Equity markets have corrected considerably in the past two months. But those in the primary market are acting as if the bull market is alive and kicking. The initial public offerings (IPOs) of ICICI Securities Ltd and Hindustan Aeronautics Ltd (HAL) failed to get enough bids to meet their targeted issue size, and experts have squarely blamed the rich valuations these companies were demanding.
The ICICI Securities issue fared the worst this month, receiving bids for only 88% of the total shares on offer. The pricing was steep, and failed to provide a buffer for investors in case markets fell during the book-building process, pointed out a merchant banker. As it turned out, markets fell late last week owing to heightened fears of a trade war between the US and China, and unsurprisingly, bids for Indian IPOs started to dry up.
Another expert on the primary markets said the brokerage business is cyclical and that it was foolhardy to price the issue at 30-times earnings just when the cycle had begun to turn south. He says that the euphoria in the primary markets isn’t limited to large companies, but is also visible in SME (small and medium enterprise) IPOs. These companies are demanding valuations of 20-25 times earnings, despite the bigger fall in small-cap stocks in the secondary markets. While the BSE 500 index has fallen 9% from its peak in January, the BSE SmallCap index has fallen 14.4%.
A similar trend has been evident in issuances by government-owned firms, where participation by investors has been the weakest. HAL, for instance, was a long-awaited IPO. But after the issue was priced far higher than what the company’s growth rates warranted, it got barely any bids other than from domestic financial institutions led by Life Insurance Corporation of India. Domestic institutional investors or DIIs (excluding domestic mutual funds) accounted for four-fifths of the total bids received, which helped the issue scrape through with a 99% overall subscription. For the two other public sector issuances this month, DIIs accounted for 54% of total bids received cumulatively.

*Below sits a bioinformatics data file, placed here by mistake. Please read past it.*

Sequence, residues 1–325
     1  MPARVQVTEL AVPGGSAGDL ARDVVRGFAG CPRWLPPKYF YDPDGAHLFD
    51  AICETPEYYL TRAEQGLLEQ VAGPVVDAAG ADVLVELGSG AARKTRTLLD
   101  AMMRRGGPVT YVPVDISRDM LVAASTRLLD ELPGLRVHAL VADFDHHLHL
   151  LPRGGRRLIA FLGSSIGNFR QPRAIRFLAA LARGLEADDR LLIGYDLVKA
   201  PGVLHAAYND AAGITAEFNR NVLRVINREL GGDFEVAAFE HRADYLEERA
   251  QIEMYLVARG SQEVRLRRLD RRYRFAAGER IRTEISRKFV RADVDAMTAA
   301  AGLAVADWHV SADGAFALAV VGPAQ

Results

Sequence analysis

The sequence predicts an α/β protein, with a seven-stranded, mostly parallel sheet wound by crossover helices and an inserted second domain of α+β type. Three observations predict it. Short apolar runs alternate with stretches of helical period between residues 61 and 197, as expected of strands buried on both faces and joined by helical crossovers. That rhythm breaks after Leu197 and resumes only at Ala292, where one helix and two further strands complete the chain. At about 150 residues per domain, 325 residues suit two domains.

A look at the table alongside shows that participation by high networth and retail investors has been dismal. While the recent correction in the secondary markets has hit sentiment, another reason is that the so-called listing pop has been missing in a significant number of IPOs lately.
In late 2017, when the government divested its stake in two general insurance companies, investors who bid found that they would have been far better off waiting until listing. The shares listed at a huge discount and continue to trade at a large discount to their issue price. From the looks of it, retail investors have taken home the lesson that it’s best to wait until listing before buying shares of public sector units.
A clear outlier in all this is the Bandhan Bank issue, which received a large amount of bids in each investor category. Analysts say its IPO was an outlier simply because its financial metrics also make it an outlier, with high spreads and low non-performing assets. The bank’s shares listed at a 25% premium to its issue price, despite demanding a stiff valuation in the IPO itself.
The success of the Bandhan issue may tempt bankers and issuing companies to continue to demand high valuations even going forward. But hopefully, the under-subscription in the ICICI Securities and HAL IPOs should act as a wake-up call. As it is, FY18—a record year for IPOs—is ending with a bitter aftertaste.